In addition to the beautiful story Jill Painter did for today’s Daily News (linked here) on the 30th anniversary of Lyman Bostock’s murder, and the legacy that he has left at Cal State Northridge with an alumni game in his honor as well as a scholarship fund that continues to help student-athletes, we tracked down Dick Enberg, the CBS sportscaster and former San Fernando Valley State professor/assistant baseball coach for his remembrances today.
Enberg helped with initial contributions to the Lyman Bostock Memorial Fund that was established soon after his passing because of the kinship felt with Bostock, a San Fernando Valley State star player before he was drafted by Minnesota and came to the Angels as a free agent for his one and only season, 1978.
“I was so proud as an announcer to say that Bostock played his ball with the Matadors,” said Enberg, the Angels’ broadcaster from 1969 to ’81. “They weren’t giving out scholarships for a long time, and it really started as a grass-roots program, so any time anyone made it to the big leagues from Northridge, it made us all feel a special allegiance.”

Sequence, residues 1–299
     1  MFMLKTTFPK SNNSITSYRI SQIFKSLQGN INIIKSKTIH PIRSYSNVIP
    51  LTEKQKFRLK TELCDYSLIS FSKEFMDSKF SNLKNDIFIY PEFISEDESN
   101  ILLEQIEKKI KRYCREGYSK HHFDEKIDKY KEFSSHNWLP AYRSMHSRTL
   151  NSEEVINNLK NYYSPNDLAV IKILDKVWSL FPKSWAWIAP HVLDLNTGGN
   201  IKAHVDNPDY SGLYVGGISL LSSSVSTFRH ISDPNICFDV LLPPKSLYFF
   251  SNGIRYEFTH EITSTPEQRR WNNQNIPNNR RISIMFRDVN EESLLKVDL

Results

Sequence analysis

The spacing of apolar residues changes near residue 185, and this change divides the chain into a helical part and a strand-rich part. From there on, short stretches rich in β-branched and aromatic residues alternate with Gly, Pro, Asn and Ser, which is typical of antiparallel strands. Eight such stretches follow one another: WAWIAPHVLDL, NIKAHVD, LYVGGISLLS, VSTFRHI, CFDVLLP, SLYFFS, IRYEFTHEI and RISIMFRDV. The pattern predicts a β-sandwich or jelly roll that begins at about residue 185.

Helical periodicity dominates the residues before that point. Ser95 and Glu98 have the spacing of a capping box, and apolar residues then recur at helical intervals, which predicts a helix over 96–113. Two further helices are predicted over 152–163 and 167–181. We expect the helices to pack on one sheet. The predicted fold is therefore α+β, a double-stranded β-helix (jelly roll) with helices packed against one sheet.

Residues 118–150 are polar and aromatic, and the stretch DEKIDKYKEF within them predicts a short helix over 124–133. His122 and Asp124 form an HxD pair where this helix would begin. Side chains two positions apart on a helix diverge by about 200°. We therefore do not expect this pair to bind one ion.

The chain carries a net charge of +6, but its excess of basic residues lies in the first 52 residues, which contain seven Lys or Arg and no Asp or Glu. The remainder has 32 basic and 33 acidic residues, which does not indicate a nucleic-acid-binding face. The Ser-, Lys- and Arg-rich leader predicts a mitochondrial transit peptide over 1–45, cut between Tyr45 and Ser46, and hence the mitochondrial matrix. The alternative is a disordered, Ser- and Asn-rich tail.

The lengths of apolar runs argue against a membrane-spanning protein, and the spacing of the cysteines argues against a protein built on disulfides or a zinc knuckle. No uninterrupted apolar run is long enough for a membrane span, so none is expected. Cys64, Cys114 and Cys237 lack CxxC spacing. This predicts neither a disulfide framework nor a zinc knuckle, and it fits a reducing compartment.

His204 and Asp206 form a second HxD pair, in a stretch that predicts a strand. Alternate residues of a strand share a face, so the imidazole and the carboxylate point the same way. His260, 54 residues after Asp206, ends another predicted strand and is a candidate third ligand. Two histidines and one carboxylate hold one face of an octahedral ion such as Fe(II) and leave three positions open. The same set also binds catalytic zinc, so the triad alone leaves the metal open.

It made Enberg recall another former San Fernando Valley State player, pitcher Paul Edmondson, (Wikipedia bio linked here), who was the first Matador to make it to the big-leagues with the Chicago White Sox in 1967. Edmondson also met a tragic fate, having died in a car accident in the off season on his way to spring training in 1970.
He was 27 — the same age as Bostock when he was murdered.
Edmondson, Bostock and Enberg were among the first inductees into the Cal State Northridge athletic Hall of Fame in 1981 (linked here).
“Anyone, like Paul or Lyman, who made it to the big leagues and left a footprint at Northridge — like (former MLB first baseman) Jason Thompson (who played with the Angels in 1980) as well — were important to me as an announcer to squeeze that information into a broadcast,” Enberg said.
Enberg said he didn’t recall exactly what his emotions were the day he had to call the Angels-White Sox game on Sunday, Sept. 24, 1978 — hours after Bostock had died. But that’s understandable.
“Those are the kind of games you call ball and strike and don’t get too cute or clever,” Enberg said. “You only say the things that need to be said. You actually try to get lost in the game when your mind won’t let you ..
“It’s frightening how quick a life can be taken — even a 100-pound weakling is a monster with a gun in his hands. He was such a sweet kid, and I’ll never forget the shock we all had that morning when we realized he wasn’t going to be with us any more.”